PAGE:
Whitehorse’s storied Beringia Interpretive Centre will reopen on June 17 after being closed for more than six months for renovations 1.5 million years in the making.
After years of planning, the centre shut its doors at the end of 2022 to update its main exhibition hall, which hadn’t seen significant tweaks since opening its doors 26 years ago.
“[The Great Hall] has undergone minimal changes since the Beringia Centre opened in 1997. And since then, our knowledge of the ice age and Beringia has expanded greatly,” says the centre’s manager Christie Grekul. “It was time to change the exhibits, modernize them, increase their interactivity and incorporate new fossils and Yukon stories.”
According to Yukon paleontologist Grant Zazula, the centre’s new exhibits will include stunning artwork, multimedia presentations, new fossils and hands-on experiences.
“We’re going to trace the history of mammals in the Yukon — life in the Yukon — from about 1.5 million years ago up until the present day,” says Zazula.
“People will get a chance to see fossils collected in Old Crow of North America’s first mammoths’ teeth, showing when the first mammoths crossed the Bering Land Bridge. This was the first group of mammoths to move from Asia — and [the fossil is] from the Yukon, and that’s cool.”
In addition to the ancient mammoth teeth, fossils from giant camels and the mummified remains of a black-footed ferret will also be displayed, along with a jaw bone from a prehistoric species of giant beaver that Zazula is particularly fond of.
Some of the new fossils on display at the centre — like the mammoth teeth — are returning to the Yukon from the Canadian Museum of Nature in Ottawa. These fossils were initially discovered in the 1960s and ’70s before the territory had its own paleontology program.
“Ice age paleontologists were working in the Yukon [in the ’60s and ’70s], but their home institution was the Canadian Museum of Nature in Ottawa. A lot of these iconic fossils […] like the 1.5-million-year-old mammoth teeth or the 1.5-million-year-old caribou bone, ended up being housed in the Canadian Museum of Nature in Ottawa [and] at the Museum of History in Ottawa,” says Grekul.
Zazula, who is intimately familiar with the collection of Yukon fossils in Ottawa, worked with the Beringia Centre and Yukon First Nations to create a list of the fossils they’d like to feature in the new exhibit. They then worked with colleagues and curators in Ottawa to have the desired specimens returned to the territory.
The returning fossilized remains will be complemented by a large, floor-to-ceiling mural featuring paintings of many of the now-extinct animals that once lived in the Yukon.
“You’ll get a chance to see the fossils of the giant camels that were collected on the Old Crow River in 1968, and then you’ll look up on the mural, and there are the camels,” says Zazula.
Seven short videos featuring some of the top Beringia-focused researchers are also among the centre’s refreshed offerings. The two-to-three-minute videos are integrated into the new exhibits, which take viewers back in time to experience the Yukon 1.5 million years ago.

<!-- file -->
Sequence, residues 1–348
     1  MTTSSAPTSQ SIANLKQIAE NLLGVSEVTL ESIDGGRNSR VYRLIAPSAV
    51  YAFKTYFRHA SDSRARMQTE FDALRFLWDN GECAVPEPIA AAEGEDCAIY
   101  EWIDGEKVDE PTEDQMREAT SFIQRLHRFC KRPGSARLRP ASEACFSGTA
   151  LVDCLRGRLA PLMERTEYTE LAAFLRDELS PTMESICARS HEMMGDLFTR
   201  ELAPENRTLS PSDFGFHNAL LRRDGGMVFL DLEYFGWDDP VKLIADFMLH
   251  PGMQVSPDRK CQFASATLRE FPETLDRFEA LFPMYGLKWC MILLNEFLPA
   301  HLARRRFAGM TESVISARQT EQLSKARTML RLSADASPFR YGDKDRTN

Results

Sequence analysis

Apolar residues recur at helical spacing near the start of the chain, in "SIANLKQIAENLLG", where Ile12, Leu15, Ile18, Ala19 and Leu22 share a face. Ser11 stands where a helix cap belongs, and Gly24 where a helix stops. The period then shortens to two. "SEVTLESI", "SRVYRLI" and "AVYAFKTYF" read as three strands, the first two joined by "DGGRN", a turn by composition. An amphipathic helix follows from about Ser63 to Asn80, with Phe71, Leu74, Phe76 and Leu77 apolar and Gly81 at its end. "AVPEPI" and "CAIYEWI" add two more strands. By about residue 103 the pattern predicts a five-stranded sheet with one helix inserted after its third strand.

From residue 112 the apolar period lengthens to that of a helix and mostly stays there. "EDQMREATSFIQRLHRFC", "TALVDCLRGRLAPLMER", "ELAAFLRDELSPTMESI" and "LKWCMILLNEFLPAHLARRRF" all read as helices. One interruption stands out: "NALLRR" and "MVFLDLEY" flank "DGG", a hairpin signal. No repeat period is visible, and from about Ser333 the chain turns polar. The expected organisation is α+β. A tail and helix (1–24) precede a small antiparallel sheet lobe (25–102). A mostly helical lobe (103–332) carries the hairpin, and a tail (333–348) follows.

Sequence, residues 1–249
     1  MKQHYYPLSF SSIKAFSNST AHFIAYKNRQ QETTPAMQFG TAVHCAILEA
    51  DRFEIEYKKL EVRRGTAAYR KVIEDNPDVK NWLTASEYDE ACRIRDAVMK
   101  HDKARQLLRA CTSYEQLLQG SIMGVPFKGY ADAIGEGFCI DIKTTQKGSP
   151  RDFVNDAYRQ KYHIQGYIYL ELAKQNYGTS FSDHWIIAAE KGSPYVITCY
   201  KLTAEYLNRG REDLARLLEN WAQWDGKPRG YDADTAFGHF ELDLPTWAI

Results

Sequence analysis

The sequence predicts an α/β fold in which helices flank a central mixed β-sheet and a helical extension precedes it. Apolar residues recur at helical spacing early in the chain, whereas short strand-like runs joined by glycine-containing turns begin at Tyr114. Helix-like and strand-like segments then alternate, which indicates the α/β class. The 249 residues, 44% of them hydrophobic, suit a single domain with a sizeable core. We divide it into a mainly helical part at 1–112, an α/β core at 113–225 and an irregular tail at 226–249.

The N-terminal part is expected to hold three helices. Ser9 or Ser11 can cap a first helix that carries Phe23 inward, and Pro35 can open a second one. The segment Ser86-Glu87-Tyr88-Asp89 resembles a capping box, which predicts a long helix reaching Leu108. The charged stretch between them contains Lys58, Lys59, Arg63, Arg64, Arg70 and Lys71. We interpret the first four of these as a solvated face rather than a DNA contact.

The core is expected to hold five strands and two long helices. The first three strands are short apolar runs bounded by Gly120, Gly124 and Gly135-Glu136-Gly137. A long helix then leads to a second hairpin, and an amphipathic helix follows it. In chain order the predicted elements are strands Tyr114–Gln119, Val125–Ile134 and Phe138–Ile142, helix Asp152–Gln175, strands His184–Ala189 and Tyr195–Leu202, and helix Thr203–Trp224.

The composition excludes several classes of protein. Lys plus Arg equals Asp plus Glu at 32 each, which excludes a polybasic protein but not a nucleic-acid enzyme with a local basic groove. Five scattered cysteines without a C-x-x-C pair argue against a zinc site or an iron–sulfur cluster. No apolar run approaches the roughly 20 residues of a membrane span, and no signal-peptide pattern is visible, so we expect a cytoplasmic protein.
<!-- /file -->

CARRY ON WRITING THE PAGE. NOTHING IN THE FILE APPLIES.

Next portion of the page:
Speaking as to what he hopes people will take away from the new exhibits at the Beringia Centre, Zazula says, “I want them to be proud that they’re from the Yukon and that this story is told in the Yukon by Yukoners. [It is] based on lots of hard work by people in the Yukon and contributions from First Nation communities.”
Grekul tells the News that the renos went to plan and were completed within the expected time frame.
“The process took about as long as I expected, maybe a little bit longer. Of course, you always want to get it done as fast as possible,” says Grekul.
“But honestly, in the big picture, we were pretty much on track.”
According to Grekul and Zazula, while this year’s upgrades were the largest in scale since the centre first opened its doors, smaller — but still significant — changes have been made over the years to increase the relevance of the centre’s content and showcase recent discoveries.
In 2019, Beringia Centre staff developed a 17-minute educational film to share with visitors in the facility’s 200-seat theatre, replacing a 25-year-old film about Beringia that was previously screened there.
In 2020, the mummified remains of a wolf pup discovered in 2016 — dubbed Zhùr — were put on display at the centre.
Attendees at this weekend’s grand opening festivities, which run from 11 a.m. to 2 p.m. on June 17, can expect free food, face painting and other activities, as well as live music from singer-songwriter Remy Rodden.
Of course, visitors to the centre will also be able to check out the new exhibits and get up close and personal with some impressive fossils from the Yukon.
“We’re going to have our interpretive guides, we’re going to have Yukon paleontologists with us, so people will get the chance to learn right from the sources about the new exhibits,” says Grekul.
“There is lots to do for all ages — kids, families, adults, visitors, Yukoners and everyone in between.”
Following the grand reopening, the Beringia Centre will operate from Tuesday to Saturday from 10 a.m. to 5 p.m. Summer programming at the facility is expected to run as usual and could include film screenings, special lectures, group tours and atlatl demonstrations.
Check the centre’s website for more information.
Contact Matthew Bossons at email@example.com